Documentary film festival for students focusses on...
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May 28, 2014  |  Vote 0    0

Documentary film festival for students focusses on social justice issues

Stratford Gazette

Chet Greason

SOCDOCS began five years ago as an effort to impress upon area high school students the importance of social justice issues (SOC) using documentary formats (DOCS).

Founder and veteran educator John Esposito said this year’s film festival was the biggest one yet, with 45 films submitted. Entrants from across Ontario gathered at the University of Waterloo Stratford campus on May 23 to hear the winners announced and to take in a series of film-related workshops and keynote speakers.

Best Feature went to a team of students from St. Paul secondary school in Mississauga. The film, produced as a collaborative project between the school’s Specialist High Skills Majors courses in Non Profit and Arts and Cultures, focussed on the efforts of Dr. Andrew Simone and his Canadian Food for Children organization.

Entitled EveryONE, the film advocates for the idea that one person can make a difference in the world. For their efforts, the students were awarded $250. The students plan to donate the money to Canadian Food for Children.

Stratford native Josh Green’s film, which focussed on teen depression, was named this year’s Best Short, and was awarded a $150 prize. The piece included examples of hand-drawn animation in a PSA-style format.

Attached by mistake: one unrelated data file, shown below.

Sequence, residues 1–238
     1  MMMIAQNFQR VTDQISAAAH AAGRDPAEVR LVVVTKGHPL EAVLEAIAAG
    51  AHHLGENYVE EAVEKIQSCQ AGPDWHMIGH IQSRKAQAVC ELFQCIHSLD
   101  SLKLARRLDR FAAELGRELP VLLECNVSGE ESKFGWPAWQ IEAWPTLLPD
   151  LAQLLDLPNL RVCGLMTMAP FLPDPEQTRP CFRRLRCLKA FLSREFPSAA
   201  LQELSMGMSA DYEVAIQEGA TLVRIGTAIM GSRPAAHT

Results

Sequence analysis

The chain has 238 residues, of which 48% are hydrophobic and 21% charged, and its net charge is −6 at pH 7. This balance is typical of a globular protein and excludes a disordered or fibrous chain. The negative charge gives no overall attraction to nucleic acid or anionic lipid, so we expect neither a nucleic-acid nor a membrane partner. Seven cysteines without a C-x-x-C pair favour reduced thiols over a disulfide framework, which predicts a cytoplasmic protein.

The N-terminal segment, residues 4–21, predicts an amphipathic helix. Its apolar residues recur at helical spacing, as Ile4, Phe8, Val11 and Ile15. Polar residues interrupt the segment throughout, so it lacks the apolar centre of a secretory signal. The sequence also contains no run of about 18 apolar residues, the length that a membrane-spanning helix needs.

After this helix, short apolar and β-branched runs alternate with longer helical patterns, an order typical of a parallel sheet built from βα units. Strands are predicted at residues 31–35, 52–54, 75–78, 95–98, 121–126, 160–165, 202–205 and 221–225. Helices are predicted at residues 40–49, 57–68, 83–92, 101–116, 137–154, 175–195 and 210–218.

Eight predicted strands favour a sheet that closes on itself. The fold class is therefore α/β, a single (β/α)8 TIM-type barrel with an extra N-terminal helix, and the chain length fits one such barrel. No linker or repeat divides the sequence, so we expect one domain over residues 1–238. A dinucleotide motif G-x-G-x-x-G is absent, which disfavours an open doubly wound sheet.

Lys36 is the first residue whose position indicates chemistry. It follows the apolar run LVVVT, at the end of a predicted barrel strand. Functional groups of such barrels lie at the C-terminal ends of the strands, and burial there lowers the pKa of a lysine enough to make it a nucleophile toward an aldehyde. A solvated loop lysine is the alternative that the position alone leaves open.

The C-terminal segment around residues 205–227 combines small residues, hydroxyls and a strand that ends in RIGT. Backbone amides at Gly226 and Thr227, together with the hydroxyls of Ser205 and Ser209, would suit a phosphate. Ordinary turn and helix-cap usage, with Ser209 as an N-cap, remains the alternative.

“Everyone has struggles. Everyone has to live with those struggles,” Green said, adding it’s often difficult for teens to address these issues due to feelings of awkwardness and isolation.

“People do terrible things when they’re in a bad place,” Green said, noting tragedy can often be prevented, but it means reaching out to those who need it most.

Environmental Disaster, by Alex Soto of Stratford, was named runner-up and received $100. Honourable mentions were given to Sam Mestern, also of Stratford and last year’s second-place winner, for his film, Little Boats, which also dealt with the topic of depression, as well as to Spencer Grubb of Wellesley for a film focussing on water conservation.

By day’s end, a great many important issues were discussed, while a new generation of documentarians rubbed elbows with industry professionals, learning practices to better their craft.

“Please be thankful for all the freedoms and the quality of life you enjoy,” Esposito pleaded in his closing address to attendees. “Not everyone in the world is able to enjoy the same.

“SOCDOCS’ mission statement is to spread the word of social justice,” he added. “You can do that with your films.”

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